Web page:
THE SMELL of newly-baked cake and freshly made coffee lingers in the air of the room as a group of villagers gather in Mary Tavy’s Coronation Hall to keep warm and socialise as part of the warm space and pensioners’ coffee morning.

Meanwhile, in the giant main hall the sound of numerous hammers on tacks rents the air as creative locals take part in the upholstery class.

These are just two of numerous activities which make the hall an important hub of village life and keep the income flowing to fund the ongoing repairs and environmental improvments which will maintain its use.

Central to much of the thriving life of the hall is Tony Williams, one of its management trustees.

The hall has royal connections because it was built as a place to celebrate the late Queen’s coronation, so it is a tribute to Tony (who has been a trustee for 25 years) and energetic people like him that the hall is still seen as relevant.

Tony explained that there was no venue where it was legal or otherwise allowed to drink alcohol in the village in 1952 to celebrate, a catalyst for the hall to be built.

He said: ‘There’s been changes since, with a corridor, expanded kitchen, disabled access added to the toilets and a bar area which has many uses. It’s the main hub for the village, but the fabric does need bringing into the 21st century with all the emphasis on energy saving and sustainability.

‘We can’t afford to stand still or the hall will deteriorate and people won’t be able to use it. The trouble is we’ve not got gas in the village, so it’s expensive to heat. Therefore, it’s important to add insulation and solar panels to keep costs down and make it more economic to run.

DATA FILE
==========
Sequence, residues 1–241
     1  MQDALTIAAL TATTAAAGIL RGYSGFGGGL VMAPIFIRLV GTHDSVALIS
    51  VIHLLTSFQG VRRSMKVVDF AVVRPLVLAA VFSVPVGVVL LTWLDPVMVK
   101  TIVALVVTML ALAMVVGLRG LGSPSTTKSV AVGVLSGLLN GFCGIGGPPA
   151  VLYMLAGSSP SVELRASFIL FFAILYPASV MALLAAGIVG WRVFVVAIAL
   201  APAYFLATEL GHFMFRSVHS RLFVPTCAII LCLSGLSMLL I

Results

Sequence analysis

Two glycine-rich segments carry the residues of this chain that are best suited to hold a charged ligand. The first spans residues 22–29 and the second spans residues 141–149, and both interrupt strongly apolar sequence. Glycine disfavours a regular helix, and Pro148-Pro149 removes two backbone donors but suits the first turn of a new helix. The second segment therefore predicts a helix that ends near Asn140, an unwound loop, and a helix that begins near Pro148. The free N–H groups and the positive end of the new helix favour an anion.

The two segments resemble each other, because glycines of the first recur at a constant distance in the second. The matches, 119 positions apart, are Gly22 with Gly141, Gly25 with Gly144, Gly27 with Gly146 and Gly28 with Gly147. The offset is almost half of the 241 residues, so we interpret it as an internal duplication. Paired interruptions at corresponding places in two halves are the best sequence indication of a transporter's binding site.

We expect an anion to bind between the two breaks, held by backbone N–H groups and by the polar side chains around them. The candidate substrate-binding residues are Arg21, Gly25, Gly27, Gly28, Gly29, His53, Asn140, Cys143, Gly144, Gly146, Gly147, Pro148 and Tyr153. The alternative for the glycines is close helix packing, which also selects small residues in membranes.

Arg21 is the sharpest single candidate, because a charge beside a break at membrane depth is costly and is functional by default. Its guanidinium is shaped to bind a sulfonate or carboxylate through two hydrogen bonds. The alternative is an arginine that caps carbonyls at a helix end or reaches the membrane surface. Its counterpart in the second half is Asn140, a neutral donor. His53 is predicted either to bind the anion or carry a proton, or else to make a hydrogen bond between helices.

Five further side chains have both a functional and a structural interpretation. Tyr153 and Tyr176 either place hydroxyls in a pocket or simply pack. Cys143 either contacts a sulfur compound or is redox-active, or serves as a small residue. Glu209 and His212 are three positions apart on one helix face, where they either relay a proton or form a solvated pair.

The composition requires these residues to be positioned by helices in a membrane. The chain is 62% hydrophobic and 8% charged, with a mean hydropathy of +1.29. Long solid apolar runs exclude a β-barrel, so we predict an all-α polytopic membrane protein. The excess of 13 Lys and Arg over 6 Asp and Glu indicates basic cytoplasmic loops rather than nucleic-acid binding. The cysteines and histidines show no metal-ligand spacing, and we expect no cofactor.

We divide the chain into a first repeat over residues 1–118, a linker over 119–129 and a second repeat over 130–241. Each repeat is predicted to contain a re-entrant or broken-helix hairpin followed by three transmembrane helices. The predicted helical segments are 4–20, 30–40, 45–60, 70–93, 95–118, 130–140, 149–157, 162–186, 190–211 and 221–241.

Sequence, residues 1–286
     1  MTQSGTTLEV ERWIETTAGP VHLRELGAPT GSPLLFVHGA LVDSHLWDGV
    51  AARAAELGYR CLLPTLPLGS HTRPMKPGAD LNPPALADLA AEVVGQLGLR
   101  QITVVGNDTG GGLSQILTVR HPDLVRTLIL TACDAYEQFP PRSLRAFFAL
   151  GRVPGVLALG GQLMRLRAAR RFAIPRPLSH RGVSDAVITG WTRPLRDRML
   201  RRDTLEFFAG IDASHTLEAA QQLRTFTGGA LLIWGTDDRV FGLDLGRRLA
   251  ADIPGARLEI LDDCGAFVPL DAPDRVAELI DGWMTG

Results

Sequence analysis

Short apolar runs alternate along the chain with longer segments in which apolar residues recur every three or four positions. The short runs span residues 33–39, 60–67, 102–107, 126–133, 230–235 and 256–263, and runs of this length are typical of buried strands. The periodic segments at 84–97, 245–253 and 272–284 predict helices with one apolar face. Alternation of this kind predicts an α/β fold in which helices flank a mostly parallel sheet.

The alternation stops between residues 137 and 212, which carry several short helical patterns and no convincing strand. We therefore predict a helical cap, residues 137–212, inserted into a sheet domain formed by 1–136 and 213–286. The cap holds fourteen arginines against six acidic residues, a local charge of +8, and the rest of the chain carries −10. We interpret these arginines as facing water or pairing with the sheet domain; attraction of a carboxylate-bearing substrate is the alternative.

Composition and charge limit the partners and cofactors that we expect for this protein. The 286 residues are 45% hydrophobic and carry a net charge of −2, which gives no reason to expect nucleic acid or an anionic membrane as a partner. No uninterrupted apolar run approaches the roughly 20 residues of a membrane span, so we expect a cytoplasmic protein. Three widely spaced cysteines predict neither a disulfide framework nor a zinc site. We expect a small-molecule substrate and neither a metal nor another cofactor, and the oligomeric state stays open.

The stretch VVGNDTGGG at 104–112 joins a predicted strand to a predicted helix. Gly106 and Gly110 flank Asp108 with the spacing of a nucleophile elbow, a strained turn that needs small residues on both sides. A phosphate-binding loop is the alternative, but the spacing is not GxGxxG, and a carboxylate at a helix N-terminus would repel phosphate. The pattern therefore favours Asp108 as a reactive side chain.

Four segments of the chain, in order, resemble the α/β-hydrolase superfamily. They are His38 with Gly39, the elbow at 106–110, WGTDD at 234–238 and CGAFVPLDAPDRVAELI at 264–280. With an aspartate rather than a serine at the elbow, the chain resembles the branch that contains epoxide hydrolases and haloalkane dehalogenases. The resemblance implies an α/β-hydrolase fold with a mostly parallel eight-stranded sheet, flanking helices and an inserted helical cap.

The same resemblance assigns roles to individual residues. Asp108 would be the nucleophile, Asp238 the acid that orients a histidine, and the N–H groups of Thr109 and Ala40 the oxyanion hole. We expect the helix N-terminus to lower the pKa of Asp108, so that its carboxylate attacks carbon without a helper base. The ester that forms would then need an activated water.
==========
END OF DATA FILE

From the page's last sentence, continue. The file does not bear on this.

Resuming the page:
‘Overall it has to be a warm and comfortable place where people feel welcome and want to spend their evenings and day times. There are grants which are targeted at green measures, but first the roof needs fixing.’

Tony calls himself an instigator, always finding new issues to tackle, not saying no for an answer and never believing a lack of cash is a barrier: ‘There’re many people in the village who are keen to support us. The hall has a strong future, I’m confident of that – as long as I can persuade younger people to climb up ladders as those days are behind me.’

Alison Cartright-Witts is on her second upholstery class in the hall. She is renewing the chair after it was destroyed by her dog, who passed away.

She said: ‘I was very surprised I could learn upholstery on my doorstep, it’s not a very common class anywhere. This is the best way to do this – in groups and make new friends and meet new people from the village you never see otherwise.’

Leslie Newitt and neighbour Gill Johnson created the warm space. Gill said: ‘We knew there must be cold and lonely people out there.’